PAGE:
But will Jackie Bradley Jr. ever hit? And what if he doesn't?

Rob Neyer

Rob Neyer

This fall, longtime Boston columnist Bob Ryan’s got a new book coming out. A friend of mine read it and says it’s good, especially if you’ve been around for a while and remember all those years of Boston sports. As Ryan does, in great detail ...


Which made this all the more intriguing yesterday:

First, are those really the leading lights here? Are those guys really Jackie Bradley Jr.'s competition?

A dozen or so years ago, I spent probably a few hours researching this question, and settled upon Tris Speaker as the franchise’s greatest defensive center fielder. As I wrote in a long-ago book (still in print, though!), “Nobody played shallower than Speaker, the Willie Mays of his time; DiMaggio, Piersall, and Lynn also great.”

At the time, all I had for research was a few thousand books and Bill James’ Win Shares; he was kind enough to send me the defensive values split from the rest. Oh, and I had Bill’s Win Shares book, which actually assigned letter grades for every player with a significantly long career. Speaker, DiMaggio, and Piersall all garnered A+ grades, while Lynn earned a B+. But that was for his whole career. Players generally peak as defenders in their early or middle 20s, and Lynn was just 28 in his last season with the Red Sox.

You want anecdotal evidence that Bradley’s a great center fielder? Here are dozens of anecdotes. You want statistical evidence that Bradley’s a great center fielder?

If you believe FanGraphs’ primary metric, it’s Piersall and not Speaker who’s off the charts, with 83 Defensive Runs Above Replacement in only 931 games; Ellsbury’s second on the franchise’s all-time list, with 48 runs in 715 games, while Speaker and DiMaggio are both well behind. Darren Lewis, Coco Crisp, Darren Bragg, and Reggie Smith all have better runs/games ratios than Speaker and DiMaggio, too.

Oh, and Fred Lynn? I’m surprised to find Lynn faring quite poorly, just a replacement-level fielder whether you look at FanGraphs or Baseball-Reference.com’s defensive numbers.

As for Bradley, he’s got a better ratio – 16 defensive runs in only 145 games – than any of the aforementioned gardeners. In fact, he’s got the best ratio among all the Red Sox center fielders, ever. Only Piersall is close.

But Bob Ryan didn’t see Piersall. Considering only the guys Ryan mentioned in his tweet, Johnny Damon’s numbers are terrible, Otis Nixon's aren't good, and we’ve already discussed Lynn. While Ryan’s credibility might be a little higher at the moment if he’d mentioned Coco Crisp, it’s hardly outlandish for Ryan to suggest he’s never seen anyone as good as Bradley. Because it’s highly possible that he hasn’t. Not in a Red Sox uniform, anyway. And maybe not in any uniform. Well, except for Andruw Jones in his prime. Because Jones probably was as good as anyone’s ever been. With the possible exception of Willie Mays in his prime. But Ryan wouldn’t have seen that, either.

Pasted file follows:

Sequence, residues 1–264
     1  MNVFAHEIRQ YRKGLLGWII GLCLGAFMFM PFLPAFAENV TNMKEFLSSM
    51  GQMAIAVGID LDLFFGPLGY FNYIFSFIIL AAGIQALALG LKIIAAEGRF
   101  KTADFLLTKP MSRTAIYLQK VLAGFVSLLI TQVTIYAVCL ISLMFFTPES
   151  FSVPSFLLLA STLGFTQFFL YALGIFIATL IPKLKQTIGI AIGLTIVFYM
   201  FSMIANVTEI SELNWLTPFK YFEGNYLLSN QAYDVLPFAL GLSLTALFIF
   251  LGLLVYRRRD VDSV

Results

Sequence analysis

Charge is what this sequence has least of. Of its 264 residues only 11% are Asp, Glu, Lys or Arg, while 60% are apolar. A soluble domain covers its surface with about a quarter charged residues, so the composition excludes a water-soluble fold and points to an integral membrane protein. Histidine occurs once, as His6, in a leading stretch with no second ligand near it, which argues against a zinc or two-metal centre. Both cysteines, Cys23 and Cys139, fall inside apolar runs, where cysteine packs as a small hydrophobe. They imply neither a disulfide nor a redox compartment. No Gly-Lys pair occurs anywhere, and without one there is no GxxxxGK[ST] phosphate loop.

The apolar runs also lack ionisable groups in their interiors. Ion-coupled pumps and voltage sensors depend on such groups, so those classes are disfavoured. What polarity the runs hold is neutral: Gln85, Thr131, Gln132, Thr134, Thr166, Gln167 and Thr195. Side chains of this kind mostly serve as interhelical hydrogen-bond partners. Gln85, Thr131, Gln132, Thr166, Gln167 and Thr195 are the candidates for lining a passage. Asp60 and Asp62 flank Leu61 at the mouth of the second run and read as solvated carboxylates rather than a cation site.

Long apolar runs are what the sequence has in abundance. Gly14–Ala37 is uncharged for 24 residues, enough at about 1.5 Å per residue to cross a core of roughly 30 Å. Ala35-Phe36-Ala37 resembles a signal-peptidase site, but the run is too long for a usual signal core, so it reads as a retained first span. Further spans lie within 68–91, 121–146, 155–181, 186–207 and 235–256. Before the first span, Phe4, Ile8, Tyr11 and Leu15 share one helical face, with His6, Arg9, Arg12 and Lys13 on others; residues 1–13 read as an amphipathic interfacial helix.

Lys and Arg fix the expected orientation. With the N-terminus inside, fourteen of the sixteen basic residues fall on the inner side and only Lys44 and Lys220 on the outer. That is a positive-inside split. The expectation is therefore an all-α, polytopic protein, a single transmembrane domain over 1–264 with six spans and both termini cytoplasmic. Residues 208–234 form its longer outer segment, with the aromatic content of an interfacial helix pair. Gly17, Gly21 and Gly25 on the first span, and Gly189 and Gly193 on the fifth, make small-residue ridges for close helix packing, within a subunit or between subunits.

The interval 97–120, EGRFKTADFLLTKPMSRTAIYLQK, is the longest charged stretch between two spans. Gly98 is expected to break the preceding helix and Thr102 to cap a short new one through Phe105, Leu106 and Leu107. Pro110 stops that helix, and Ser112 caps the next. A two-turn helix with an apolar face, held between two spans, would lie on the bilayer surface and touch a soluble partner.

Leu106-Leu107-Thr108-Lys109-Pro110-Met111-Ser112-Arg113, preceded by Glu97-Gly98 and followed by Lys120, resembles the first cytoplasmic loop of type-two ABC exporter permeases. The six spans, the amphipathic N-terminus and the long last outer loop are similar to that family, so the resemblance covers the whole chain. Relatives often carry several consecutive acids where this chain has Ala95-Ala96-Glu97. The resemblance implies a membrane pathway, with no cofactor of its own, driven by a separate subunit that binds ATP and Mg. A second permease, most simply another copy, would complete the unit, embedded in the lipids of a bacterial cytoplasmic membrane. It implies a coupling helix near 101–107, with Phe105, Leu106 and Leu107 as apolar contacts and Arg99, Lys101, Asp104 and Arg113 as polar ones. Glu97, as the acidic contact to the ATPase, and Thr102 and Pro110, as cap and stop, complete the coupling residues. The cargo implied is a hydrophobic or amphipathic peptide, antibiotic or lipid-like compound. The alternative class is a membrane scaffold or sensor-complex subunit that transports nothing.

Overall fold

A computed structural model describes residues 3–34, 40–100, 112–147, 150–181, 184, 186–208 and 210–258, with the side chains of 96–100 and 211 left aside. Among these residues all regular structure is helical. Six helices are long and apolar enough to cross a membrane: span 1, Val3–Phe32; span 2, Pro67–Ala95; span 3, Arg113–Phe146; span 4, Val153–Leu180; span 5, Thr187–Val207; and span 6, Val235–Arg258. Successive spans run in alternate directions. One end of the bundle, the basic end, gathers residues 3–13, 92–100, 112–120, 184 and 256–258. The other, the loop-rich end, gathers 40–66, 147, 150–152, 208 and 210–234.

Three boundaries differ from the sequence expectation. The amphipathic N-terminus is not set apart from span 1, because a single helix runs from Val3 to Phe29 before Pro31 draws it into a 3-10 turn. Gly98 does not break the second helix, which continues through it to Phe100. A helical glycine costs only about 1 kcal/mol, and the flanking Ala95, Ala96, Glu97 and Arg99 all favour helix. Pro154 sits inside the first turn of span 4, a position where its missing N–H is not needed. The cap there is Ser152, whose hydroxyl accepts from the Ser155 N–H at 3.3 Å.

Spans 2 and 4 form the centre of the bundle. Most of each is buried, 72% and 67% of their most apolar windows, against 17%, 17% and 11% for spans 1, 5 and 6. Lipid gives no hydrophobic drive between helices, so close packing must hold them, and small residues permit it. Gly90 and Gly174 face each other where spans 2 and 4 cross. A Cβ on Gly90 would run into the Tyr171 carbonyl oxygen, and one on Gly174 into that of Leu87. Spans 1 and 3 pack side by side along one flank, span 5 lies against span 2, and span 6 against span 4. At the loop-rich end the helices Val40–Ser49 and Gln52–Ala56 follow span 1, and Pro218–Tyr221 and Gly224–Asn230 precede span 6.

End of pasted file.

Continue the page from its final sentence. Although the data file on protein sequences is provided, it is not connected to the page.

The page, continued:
Does all this mean that Red Sox Nation should root for JBJ to start hitting? It’s an odd suggestion, actually, because you’d want JBJ to start hitting whether he played center field like Jimmy Piersall or Tony Armas. You want everybody to hit. But I suppose Ryan’s point is that Bradley doesn’t start hitting, he might lose his job. Which would deprive Sox fans of all those highlight plays.

Will he hit, though? It’s sort of a funny question if you can remember spring training of 2013. Remember? Bradley got really hot for a few weeks, and the pundits were falling all over themselves ... Of course Bradley deserves the Opening Day nod in center field. Just look at what he’s doing in March!

Bradley got the nod, but was sent back to Pawtucket after starting the season with three hits in 31 at-bats. He wound up with four stints in the majors, batting .189 in just 37 games. Small sample size, yada yada. Way too early to give up on him.

Somehow, though, he got beat out this spring by Grady Sizemore. That didn’t work out, and so Bradley’s gotten most of the action in center field this season … and he’s batted .211/.281/.289. And this time the sample size isn’t so small at all, as he’s now started 98 games.

In toto, he’s got only 474 plate appearances in the majors, so it’s appropriate to look at his minor-league record ... which is good, if not great. And we’re actually talking about a lot of small sample sizes. Those 474 plate appearances in the majors aren’t a lot. Bradley’s 141 games in the minors above Class A aren’t a lot. And his 123 career major-league starts in the outfield aren’t a lot, either; our eyes tell us he’s tremendous, but there aren’t enough numbers yet to tell us more than he’s probably good and possibly great.

I would say that Bradley’s got plenty of time to find his stroke, except the Red Sox probably need to find a place for Mookie Betts and second base is already taken.

Bradley’s probably assured of a job somewhere, as long he keeps making those spectacular plays. But if you can’t hit at all, eventually they will find someone who can. Just ask Darwin Barney.

The original version of this article assumed that Bob Ryan was listing Trot Nixon, not Otis Nixon.


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